It is more than a year since Airbus showed its hand in the battle for the mid-size widebody market, unveiling the A350 as a major derivative of the A330 – then powered solely by General Electric GEnx engines – to compete against the all-new Boeing 787. Over the past 12 months, the new Airbus has undergone several significant design refinements. In its latest guise – shown to customers in November – the twinjet shares little more than 5% commonality with its predecessor.
Dougie Hunter, A350 chief engineer, says the design process has been evolutionary. Between December 2004 – when the aircraft was unveiled – and April last year, the A350 programme saw weight and range increases, structural material selections, aerodynamic improvements, a slight stretch (for the larger -900 model) and cabin revisions.
Since then improvements have resulted in a “November 2005” specification. The improvements include aerodynamic changes, enabling cruise speed to increase slightly; cabin enhancements; simplification of the structure and fuel system; and an all-new, deeper nose design to accommodate the new underfloor flightcrew rest compartment (FCRC). The A350 has also gained a second engine option – the Rolls-Royce Trent 1700 – and a new “face”, through the revision of the cockpit window layout. The latter, although ostensibly performed to improve aerodynamics, will set the new aircraft apart visually from all the previous Airbus widebody models.
“The next major step will be ‘Milestone 5’ – the definition freeze – due at the end of the first quarter of 2006,” says Hunter.
While Airbus has adopted the so-called “787 technology” engines for the A350, it has baulked at following Boeing all the way down the composites route, the material accounting for around 60% of the 787’s structure. However, Airbus boasts that “60% of the A350’s structure is made of advanced materials, enabling us to achieve the equivalent of an 8t weight reduction,” says Hunter (see graphic).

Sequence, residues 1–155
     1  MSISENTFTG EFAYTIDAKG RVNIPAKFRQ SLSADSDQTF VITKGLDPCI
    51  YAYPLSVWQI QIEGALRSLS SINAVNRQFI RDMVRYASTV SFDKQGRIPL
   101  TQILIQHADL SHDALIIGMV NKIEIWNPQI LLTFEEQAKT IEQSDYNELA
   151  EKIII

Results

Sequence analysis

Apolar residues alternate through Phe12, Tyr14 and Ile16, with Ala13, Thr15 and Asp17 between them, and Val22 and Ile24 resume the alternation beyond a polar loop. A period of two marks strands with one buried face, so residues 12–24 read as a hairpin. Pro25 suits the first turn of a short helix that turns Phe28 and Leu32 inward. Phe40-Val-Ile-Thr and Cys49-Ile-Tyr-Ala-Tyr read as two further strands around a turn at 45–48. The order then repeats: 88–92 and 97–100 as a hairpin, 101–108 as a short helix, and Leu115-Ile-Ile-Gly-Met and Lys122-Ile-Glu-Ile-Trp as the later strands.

Despite Airbus’s more conservative approach to the use of composites, the material accounts for two-thirds of these “advanced materials”, with carbonfibre reinforced plastic (CFRP) being employed in the wing and empennage, where Airbus says that high fatigue resistance was the selection driver. However, aluminium lithium – rather than composites on the 787 – has been adopted for the fuselage skin. The driver for this was the need to cope with accidental damage, and the alloy represents around a fifth of the A350’s advanced materials, says Hunter. “Aluminium lithium allows for easy damage assessment and standard procedures for repair,” he adds.
One key change in the latest design iteration is the increased cruise speed, which closes the gap to the Mach 0.85-capable 787 family. The A350 is now capable of M0.83-0.84 – to the approval of International Lease Finance, which had been unhappy with the A350’s lack of speed.
Although superficially based on the A330, the A350’s wing is of largely composite construction and has undergone revisions over the past 12 months to net further performance improvements. “Using the latest computational fluid dynamics [CFD] technology, which we’ve verified in the windtunnel, we’ve reprofiled the mid-section of the upper surface of the wing,” says Hunter. “We’ve also reshaped the flap-track fairings and reduced their length using CFD analysis,” he adds.
Hunter says these changes “delay the onset of drag rise and push long-range cruise speed up from Mach 0.82 to 0.83, and economic cruise speed to Mach 0.84”.
The A350 wing has borrowed the A380’s “droop nose” inboard leading-edge device (essentially a sealed number one slat) since early in its conception, which gives improved low-speed efficiency. Airbus has now incorporated a leading-edge extension to reduce approach speeds.
Ongoing CFD and windtunnel analysis has allowed Airbus to optimise the wing/engine interface for the GEnx-powered version, and a similar effort with the belly fairing shape has reduced drag and helped to improve the cruise-speed performance after it was discovered that the original design caused airflow to interact with the A350’s larger-diameter engines. The wing also features larger winglets, which are 50% taller and 33% larger in area than the existing design.